Building a Random World. Part 4: System. By Yasadu De Silva

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Hello all,

As you know, the world I am creating is for a tabletop RPG (see Part 1 if you don’t know what a tabletop RPG is). Thus, I need to decide what tabletop RPG (or system) I’m going to use to play the world. The system is important because the character options and rules can dictate the setting. For example, the world’s most popular RPG, Dungeons and Dragons, is a RPG of high fantasy with flashy explosive spells. If I use D&D in my world with no modifications, my world will eventually become something closer to high fantasy, which is not what I want. So before I do anything else, I will decide my system. Below is a list of systems I considered, and their pros and cons.

Name Pros Cons
Warhammer Fantasy Roleplaying: 2nd Edition WFRP2 has a grim feel, which is good for low fantasy. In addition, it has many rules, including optional rules for armor layers and hit location (stab the torso or the right arm, etc.). It uses a d100, which I’m familiar with. WFRP2 assumes that you are using the Old World setting, which affects some of the rules (equipment, races, monsters, etc.)
Harnmaster  Harnmaster is a low fantasy RPG. It also has detailed rules for armor layers and hit locations, which are more detailed than WFRP2. It has low magic, being near-mundane. It uses a d100, which I’m familiar with. The complexity is mostly in character creation, but it might scare my friends away from playing. In addition, the only races are human, dwarf, and elf.
Runequest 6  It uses the same basic engine as another RPG, Call of Cthulhu, which is one of my favorites. One of my friends and his group is also familiar with CoC, so they might like RQ6. Has rules for health per hit location. Apparently, this book is poorly organized. For example, sprinting is mentioned on page 58, but finally elaborated upon on page 438.

After deliberating, I have chosen to use WFRP2.

Thank you,

Yasadu De Silva

Building a Random World. Part 3: Sociology: Races. By Yasadu De Silva

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By: Yasadu De Silva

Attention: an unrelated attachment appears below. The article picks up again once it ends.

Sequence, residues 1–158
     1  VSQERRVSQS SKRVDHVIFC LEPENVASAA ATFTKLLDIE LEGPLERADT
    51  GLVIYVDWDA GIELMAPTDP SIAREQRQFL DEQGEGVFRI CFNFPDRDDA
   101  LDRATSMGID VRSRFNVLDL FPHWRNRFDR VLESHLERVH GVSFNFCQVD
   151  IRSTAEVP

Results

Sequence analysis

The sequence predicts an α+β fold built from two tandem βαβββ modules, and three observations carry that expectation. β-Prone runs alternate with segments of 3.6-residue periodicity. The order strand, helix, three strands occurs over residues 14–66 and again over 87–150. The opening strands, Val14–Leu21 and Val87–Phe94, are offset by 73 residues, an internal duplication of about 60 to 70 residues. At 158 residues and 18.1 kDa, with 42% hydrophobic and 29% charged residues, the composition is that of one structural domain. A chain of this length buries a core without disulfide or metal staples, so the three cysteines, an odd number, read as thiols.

Hello all,

I’ve recently begun building a world for a tabletop RPG. To see what a tabletop RPG is and what I will use to create the world, look at my Part 1 post.

Sociology is important because it is the people and races that inhabit the world. Without it, my world would literally have no sentient life, which isn’t good for the RPG I want to play (it may be interesting to play non-sentient life in a rules-light system though). To develop sociology in my world, I followed these steps.

First, I need to decide what races inhabit my world, and which ones are major, minor, and dominant. I need to roll a d3 (or d6 divided by two) and subtract 1 (d3-1 in short form). I get two. Then, I roll for major races. Rolling d4+2 gets me four. Finally, I roll for minor races. Rolling 4d4 gives me four minor races. Then I need to roll d100s to find out which races are in my world. I get: giants and humans as dominant; elves, halflings (hobbits but without copyright), lizard men, and gnolls (hyena people) as major; and hsing-sing mammals (here: http://www.lomion.de/cmm/hsingsin.php), doppelgangers, arakocra (bird people), and dwarves as minor. Now, I need to create subcultures for some of the races. Let’s pick: humans, lizard men, giants, and elves. After rolling, I find that: giants have 3 seperate subcultures, humans have 4, elves have 3, and lizard people have 2. I will flesh out these subcultures later. But first, I should decide where these races live. After rolling, I find that: giants tend to the mountains, humans to the forests, elves to rivers, halflings to the northeast, lizardmen to the southwest, gnolls to subtropical regions, hsing-sing mammals to the jungles, doppelgangers go wherever, aracockra to the southeast, and dwarfs to the grasslands.

Next time, I will be taking a look at a system, then I will be returning to Sociology for kingdoms.

Thank you for reading,

Yasadu De Silva

Building a Random World. Part 2: Geography and Seismology. By Yasadu De Silva